Skip to main content

Hakone Ekiden Considering Plans to Shorten Fifth Stage After 2016 Race

http://www.hochi.co.jp/sports/etc/20151130-OHT1T50148.html

translated and edited by Brett Larner

Hakone Ekiden organizers KGRR announced on Nov. 30 that they are examining changing the lengths of the 18.5 km Fourth Stage and 23.2 km uphill Fifth Stage.  The race's 92nd edition on Jan. 2 and 3, 2016 will go ahead with the existing stage lengths, with the possibility of changes as early as the 93rd running in 2017.  Changes under discussion would likely involve lengthening the Fourth stage, Hakone's shortest, and reducing the Fifth Stage.

Beginning with the 2006 race the Odawara exchange point between the Fourth and Fifth Stages was moved 2.5 km toward Tokyo due to construction at its former location at Suzuhiro.  As a result the Fourth Stage became shorter and the Fifth Stage longer.  With the challenging uphill Fifth Stage now the longest, the success of its star runners Masato Imai (Juntendo Univ., now Toyota Kyushu), Ryuji Kashiwabara (Toyo Univ., now Fujitsu) and Daichi Kamino (Aoyama Gakuin Univ.) earned them the title "God of the Mountain" and widely expanded Hakone's popularity.

At the same time, since the Fifth Stage was lengthened every team that won it has gone on to take the overall title, leading to claims that the Fifth Stage has too large an impact on the overall team results.  The KGRR will discuss the issue at upcoming coaches' council meetings.

Translator's note: The 2006 change made the iconic Fifth Stage 23.4 km in length.  Subsequent road construction resulted in its length being cut to 23.2 km in 2015 without its start or finish points being moved.  At the time of the 2006 lengthening organizers cited the hope that the longer stage would become a proving ground for Japan's future top marathoners.  At the 2015 Tokyo Marathon Imai ran 2:07:39 to become Japan's 6th-fastest marathoner ever.  Click here for the KGRR's official press release on the possibility of shortening the Fifth Stage.

Comments

Most-Read This Week

Tokyo Experiments With Spraying Water Along 2020 Marathon Course to Combat Heat

As part of its measures to deal with the hot conditions expected at the 2020 Tokyo Olympic and Paralympic Games, on Aug. 13 the Tokyo Metropolitan Government conducted an experiment to measure the effects on pavement surface temperature of spraying the road surface with water. Data from the experiments were released to the media.

The experiment was conducted from 4:00 a.m. to 10:00 a.m. along a 120 m section of sidewalk along Uchibori Street in the Imperial Palace's outer gardens in Chiyoda Ward.  In the experiment, open-ended tubes used in agricultural work eres placed at the edge of the sidewalk  to supply water. Surface temperature readings were taken every 30 minutes for three different experimental scenarios:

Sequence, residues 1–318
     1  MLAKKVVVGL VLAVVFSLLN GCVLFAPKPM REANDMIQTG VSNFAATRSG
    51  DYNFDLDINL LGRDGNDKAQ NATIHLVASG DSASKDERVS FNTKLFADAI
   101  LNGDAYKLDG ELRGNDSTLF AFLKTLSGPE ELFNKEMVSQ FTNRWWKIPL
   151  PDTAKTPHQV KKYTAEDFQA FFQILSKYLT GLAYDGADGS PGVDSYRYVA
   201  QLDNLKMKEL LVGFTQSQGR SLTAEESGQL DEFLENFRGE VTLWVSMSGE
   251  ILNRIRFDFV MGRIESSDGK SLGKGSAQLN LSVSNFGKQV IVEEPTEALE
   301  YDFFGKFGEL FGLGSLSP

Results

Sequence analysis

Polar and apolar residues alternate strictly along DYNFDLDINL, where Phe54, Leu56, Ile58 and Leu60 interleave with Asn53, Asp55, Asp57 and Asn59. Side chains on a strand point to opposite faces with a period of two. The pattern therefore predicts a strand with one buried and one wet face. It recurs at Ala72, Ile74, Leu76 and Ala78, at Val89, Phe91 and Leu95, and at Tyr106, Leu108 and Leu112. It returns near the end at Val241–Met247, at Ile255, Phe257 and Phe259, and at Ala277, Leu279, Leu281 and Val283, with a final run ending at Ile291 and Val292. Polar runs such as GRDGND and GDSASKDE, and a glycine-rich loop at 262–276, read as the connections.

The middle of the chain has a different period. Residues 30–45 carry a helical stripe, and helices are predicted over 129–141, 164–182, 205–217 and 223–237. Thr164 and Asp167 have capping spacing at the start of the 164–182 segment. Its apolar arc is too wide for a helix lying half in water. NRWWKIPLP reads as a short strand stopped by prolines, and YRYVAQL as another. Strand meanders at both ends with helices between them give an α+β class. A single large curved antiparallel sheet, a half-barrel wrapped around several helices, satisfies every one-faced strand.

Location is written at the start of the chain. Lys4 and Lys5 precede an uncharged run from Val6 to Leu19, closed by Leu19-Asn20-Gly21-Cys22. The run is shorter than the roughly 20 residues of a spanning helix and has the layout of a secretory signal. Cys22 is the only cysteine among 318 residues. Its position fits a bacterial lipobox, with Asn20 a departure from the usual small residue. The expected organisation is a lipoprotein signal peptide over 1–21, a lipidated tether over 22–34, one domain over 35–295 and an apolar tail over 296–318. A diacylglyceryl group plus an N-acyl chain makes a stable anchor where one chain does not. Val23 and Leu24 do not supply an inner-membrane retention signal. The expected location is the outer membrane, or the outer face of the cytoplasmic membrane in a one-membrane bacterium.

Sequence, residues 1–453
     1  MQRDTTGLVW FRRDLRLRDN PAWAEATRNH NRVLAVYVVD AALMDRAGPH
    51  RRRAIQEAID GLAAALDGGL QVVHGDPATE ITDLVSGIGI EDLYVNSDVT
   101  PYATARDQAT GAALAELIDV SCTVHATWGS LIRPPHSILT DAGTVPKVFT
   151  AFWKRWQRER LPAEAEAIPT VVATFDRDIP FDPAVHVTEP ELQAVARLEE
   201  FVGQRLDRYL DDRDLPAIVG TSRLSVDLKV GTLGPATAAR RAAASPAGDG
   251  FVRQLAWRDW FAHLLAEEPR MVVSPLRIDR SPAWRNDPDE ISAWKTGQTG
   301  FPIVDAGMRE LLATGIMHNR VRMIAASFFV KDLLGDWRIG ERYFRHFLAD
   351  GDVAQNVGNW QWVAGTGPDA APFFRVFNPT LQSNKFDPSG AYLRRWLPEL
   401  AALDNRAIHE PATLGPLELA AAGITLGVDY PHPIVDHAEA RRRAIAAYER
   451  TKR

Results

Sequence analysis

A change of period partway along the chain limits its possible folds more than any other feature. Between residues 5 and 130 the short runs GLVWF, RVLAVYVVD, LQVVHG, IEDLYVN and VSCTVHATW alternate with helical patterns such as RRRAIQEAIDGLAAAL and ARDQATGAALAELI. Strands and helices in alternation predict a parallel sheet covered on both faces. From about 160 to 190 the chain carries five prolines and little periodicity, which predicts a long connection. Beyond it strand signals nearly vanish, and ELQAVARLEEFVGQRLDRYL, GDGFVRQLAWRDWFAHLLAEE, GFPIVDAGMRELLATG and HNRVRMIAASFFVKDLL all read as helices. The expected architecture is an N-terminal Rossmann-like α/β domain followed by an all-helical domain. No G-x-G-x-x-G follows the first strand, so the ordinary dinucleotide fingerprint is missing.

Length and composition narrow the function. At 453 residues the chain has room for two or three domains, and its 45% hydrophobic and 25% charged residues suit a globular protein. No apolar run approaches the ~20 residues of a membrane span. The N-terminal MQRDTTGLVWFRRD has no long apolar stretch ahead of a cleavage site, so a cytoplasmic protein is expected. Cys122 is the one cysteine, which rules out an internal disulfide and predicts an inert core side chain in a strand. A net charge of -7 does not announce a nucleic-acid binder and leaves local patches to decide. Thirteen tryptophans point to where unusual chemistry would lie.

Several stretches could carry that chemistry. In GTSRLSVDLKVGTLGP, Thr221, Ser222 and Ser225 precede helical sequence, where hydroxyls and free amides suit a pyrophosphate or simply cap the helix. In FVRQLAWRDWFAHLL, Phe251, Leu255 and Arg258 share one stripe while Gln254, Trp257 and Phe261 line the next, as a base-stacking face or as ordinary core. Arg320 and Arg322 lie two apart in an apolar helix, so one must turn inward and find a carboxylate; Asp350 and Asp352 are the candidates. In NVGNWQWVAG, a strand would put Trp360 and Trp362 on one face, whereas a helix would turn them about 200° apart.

spraying water beginning at 4:00 a.m.spraying water beginning at 7:00 a.m.not spraying any water The experiment found that where water had been sprayed, the road surface temperature remained in the 27 to 29˚C range even when the air temperature exceeded 30˚C. Where no wa…

On Broadcast Commentary

It's been 122 days since the 122nd Boston Marathon. Of what the two exceptional people who won that day accomplished, WilliamShakespeare summed it up better than any other commentator in his Sonnet 122:

Beyond all date, even to eternity;
     Or at the least, so long as brain and heart
     Have faculty by nature to subsist;
     Till each to razed oblivion yield his part
     Of thee, thy record never can be miss'd.

What else needs to be said? But the other thing that remains from that day is, of course, this:

Worst punditry ever? #Yukipic.twitter.com/AwjeuZDtOt — Xempo Running (@xempouk) April 16, 2018
In the 122 days since Boston this clip has been on my mind a lot. The commentary here by Larry Rawson and Al Trautwig was exceptionally bad, but it wasn't unique to them and highlighted many of the problems with marathon TV broadcasts and especially their hosts and commentators. I'm fortunate to live in Japan where the announcers for the countless marathon live TV broadcas…

Kazami Breaks 100 km World Record at Lake Saroma

Running on the same course where Japan's Takahiro Sunada set the road 100 km world record of 6:13:33 twenty years ago, 2:17:23 marathoner Nao Kazamibested a deep and competitive field to win the Lake Saroma 100 km Ultramarathon in a world record 6:09:14.

Part of a front group of at least five that went through the marathon split in 2:33:36, on pace for 6:04:01, Kazami lost touch with the lead as rivals Koji Hayasaka and Takehiko Gyoba surged just before halfway to open a roughly 30 second lead that lasted until nearly 75 km. But in the last quarter of the race Kazami, a graduate of Hakone Ekiden powerhouse Komazawa University, was the only one who could sustain anything close to the early pace, overtaking Hayasaka and Gyoba before pulling away to open a lead of over 11 minutes. Kazami's mark took more than 4 minutes off the world record, and he also bettered the 100 km track world record of 6:10:20 set in 1978 well before he was born by the late Don Ritchie.
Trying to stay wi…